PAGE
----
At stage two, mind maps are also privileged. The links previously found will help us to aboard the problem or issue with many perspectives. 

 

At stage three, mind maps always best fit the need. However, in this case what we like is the flexibility characteristic of mind maps: their ease updatability. As Niall said, they are much easier to update than linear notes. Then we can easily update old mind maps facts with new ones.

 

For the stage four, I will divide it in two sub-stages: (1) the act of producing many ideas and (2) the act of defining some of these ideas. In the first sub-stage, the mind maps or free writing always have their place. We do not need to bother us with clarity; the only things we need are ideas, many of them. However, we will eventually need to clarify them, to structure them for us and for other. We enter in a stage of writing for others. In this sub-stage, we try to refine some of our ideas. We need to put a light on some of them; we need them to be reviewed by our peers. In this process we will ask ourselves many questions. We will write and rewrite our most promising ideas. In this stage, the mind maps of these ideas are here to help us to make a plan for the writing. However, they are useless for their presentation to others. Mind maps are the expressions of our cognitive process but are worthless to others and lack depth. The traditional writing will structure, refine and deepens our ideas. It will make them clear and usable for their communication to others.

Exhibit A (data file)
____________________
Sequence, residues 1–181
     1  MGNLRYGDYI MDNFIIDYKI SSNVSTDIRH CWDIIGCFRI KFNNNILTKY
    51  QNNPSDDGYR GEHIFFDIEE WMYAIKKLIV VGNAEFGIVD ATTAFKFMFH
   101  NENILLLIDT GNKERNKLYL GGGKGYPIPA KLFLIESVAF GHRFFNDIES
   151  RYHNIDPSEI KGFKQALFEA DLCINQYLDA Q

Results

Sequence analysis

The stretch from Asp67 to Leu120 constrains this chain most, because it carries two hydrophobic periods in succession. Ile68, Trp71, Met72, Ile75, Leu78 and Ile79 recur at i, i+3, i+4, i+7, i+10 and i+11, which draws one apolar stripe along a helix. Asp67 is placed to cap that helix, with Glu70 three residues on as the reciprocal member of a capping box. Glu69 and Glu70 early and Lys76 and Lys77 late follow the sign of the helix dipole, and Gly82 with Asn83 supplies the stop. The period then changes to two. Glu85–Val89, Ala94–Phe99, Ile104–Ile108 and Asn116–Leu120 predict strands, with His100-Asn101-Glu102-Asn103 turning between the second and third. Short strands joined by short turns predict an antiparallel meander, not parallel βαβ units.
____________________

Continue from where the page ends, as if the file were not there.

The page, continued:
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May 14, 2005





Do not use the Atom Gmail service with online aggregators like Bloglines

There is a real security threat